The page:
Natural amino acids as potential chelators for soil remediation
. ENVIRONMENTAL RESEARCH 2020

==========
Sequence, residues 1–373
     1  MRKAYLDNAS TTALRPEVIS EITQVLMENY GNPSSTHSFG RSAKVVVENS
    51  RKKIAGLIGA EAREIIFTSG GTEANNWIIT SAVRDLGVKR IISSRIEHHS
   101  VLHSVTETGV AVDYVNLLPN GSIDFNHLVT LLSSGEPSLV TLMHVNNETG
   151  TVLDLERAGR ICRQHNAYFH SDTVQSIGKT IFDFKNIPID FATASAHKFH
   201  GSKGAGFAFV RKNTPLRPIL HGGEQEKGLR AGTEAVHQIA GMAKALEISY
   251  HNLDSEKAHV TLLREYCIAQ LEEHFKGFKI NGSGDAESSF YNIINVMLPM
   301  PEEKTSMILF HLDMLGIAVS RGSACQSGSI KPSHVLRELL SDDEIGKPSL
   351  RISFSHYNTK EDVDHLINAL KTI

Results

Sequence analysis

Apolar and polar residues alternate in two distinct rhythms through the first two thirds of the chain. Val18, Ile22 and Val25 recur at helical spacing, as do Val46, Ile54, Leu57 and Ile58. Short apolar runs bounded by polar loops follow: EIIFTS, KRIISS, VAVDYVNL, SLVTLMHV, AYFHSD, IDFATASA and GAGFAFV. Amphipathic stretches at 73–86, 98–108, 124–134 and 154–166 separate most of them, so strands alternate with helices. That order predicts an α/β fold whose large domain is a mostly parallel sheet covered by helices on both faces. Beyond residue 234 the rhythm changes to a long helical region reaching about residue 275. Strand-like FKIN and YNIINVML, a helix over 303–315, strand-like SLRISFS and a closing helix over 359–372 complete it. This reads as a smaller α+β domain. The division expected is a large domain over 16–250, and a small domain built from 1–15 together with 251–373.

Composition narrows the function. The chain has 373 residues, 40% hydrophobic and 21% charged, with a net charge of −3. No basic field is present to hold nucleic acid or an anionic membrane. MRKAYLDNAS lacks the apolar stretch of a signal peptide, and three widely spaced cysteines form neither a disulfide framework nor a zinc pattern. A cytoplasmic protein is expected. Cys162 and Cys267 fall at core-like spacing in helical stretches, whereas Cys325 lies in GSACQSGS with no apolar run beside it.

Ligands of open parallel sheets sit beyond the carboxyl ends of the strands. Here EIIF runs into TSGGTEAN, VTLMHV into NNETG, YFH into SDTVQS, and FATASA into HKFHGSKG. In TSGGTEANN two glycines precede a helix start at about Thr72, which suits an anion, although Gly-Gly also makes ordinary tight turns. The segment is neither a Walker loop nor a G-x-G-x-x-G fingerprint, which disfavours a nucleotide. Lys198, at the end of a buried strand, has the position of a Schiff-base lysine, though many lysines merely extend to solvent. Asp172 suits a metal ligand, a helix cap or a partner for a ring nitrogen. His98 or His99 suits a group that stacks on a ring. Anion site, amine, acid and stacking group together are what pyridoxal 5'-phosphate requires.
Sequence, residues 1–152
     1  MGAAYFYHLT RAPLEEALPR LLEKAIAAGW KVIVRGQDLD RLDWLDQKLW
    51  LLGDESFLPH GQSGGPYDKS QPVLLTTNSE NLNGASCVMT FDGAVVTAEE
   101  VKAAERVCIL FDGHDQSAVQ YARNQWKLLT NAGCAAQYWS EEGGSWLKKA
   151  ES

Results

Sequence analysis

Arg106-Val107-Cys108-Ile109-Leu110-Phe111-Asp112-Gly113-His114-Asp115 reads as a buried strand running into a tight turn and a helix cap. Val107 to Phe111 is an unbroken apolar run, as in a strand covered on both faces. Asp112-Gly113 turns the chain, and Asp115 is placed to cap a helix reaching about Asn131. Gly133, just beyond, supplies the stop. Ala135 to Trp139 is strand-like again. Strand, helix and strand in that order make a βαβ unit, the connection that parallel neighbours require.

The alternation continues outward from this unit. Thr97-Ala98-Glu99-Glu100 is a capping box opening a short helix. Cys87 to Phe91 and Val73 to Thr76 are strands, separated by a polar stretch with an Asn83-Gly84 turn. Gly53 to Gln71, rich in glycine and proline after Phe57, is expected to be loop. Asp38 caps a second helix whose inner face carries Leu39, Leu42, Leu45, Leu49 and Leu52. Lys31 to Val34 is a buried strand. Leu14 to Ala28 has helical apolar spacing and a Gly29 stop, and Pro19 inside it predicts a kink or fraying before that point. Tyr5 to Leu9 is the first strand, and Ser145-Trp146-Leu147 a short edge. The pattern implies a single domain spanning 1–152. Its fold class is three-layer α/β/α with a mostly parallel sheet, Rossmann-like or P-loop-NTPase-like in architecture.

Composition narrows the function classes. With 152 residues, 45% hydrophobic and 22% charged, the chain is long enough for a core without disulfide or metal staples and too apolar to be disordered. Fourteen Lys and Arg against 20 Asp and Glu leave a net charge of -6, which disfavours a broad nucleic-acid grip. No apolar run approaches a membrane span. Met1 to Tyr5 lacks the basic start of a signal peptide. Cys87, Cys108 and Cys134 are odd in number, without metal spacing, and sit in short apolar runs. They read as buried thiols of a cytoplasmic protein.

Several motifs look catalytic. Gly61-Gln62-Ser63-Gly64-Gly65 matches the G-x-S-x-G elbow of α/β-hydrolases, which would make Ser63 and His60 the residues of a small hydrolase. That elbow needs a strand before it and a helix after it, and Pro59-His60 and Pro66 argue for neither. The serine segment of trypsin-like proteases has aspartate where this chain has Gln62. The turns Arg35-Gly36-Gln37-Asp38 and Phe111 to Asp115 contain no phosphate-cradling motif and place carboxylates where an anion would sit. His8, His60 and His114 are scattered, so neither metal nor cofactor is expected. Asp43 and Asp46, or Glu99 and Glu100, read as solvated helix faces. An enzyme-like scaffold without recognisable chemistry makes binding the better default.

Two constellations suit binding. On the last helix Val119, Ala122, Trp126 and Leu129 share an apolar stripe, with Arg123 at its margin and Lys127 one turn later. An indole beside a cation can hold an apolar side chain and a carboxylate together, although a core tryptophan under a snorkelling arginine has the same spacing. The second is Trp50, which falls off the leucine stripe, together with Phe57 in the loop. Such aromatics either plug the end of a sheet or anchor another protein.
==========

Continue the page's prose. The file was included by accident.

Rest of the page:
The soils contaminated by toxic metals are often remediated using EDTA and similar non-biodegradable chelators. Most chelators are in fact synthetic amino acid derivatives, whereas natural proteinogenic amino acids (PAAs) have not been systematically explored as remediation agents, despite their well-known metal chelating abilities and environmental benefits. Our study represents a comprehensive research exploring 16 structurally and functionally different PAAs as potential remediating agents, applied to 3 different heavy metal-contaminated samples. The study was mostly focused on extracting Cd, Cu, Ni, and Zn. The reaction parameters were screened and optimized. It was found that the efficiencies of extracting Cu, Ni, and Zn by Threonine, Aspartic acid and Histidine were comparable to those by EDTA, whereas non-polar side chain-containing PAAs demonstrated consistently lower PTM extraction rates compared to other PAAs. The sulfur-containing Cysteine appeared to be efficient to extract Cd (to some extent), Ni and Zn, but not Cu, due to chemical reasons. The structure-functional correlations were identified, described, and found to be independent on the specific samples. Possible molecular mechanisms of metal extraction from soils by PAAs are discussed. In contrast to EDTA, the soil-essential elements are almost not extracted by PAAs. This important feature of the PAAs, along with their availability, observed selectivity, competitive efficiency, non-toxicity and even fertilizing properties, make them particularly soil-friendly, and thus, potentially applicable chelators in certain remediation processes.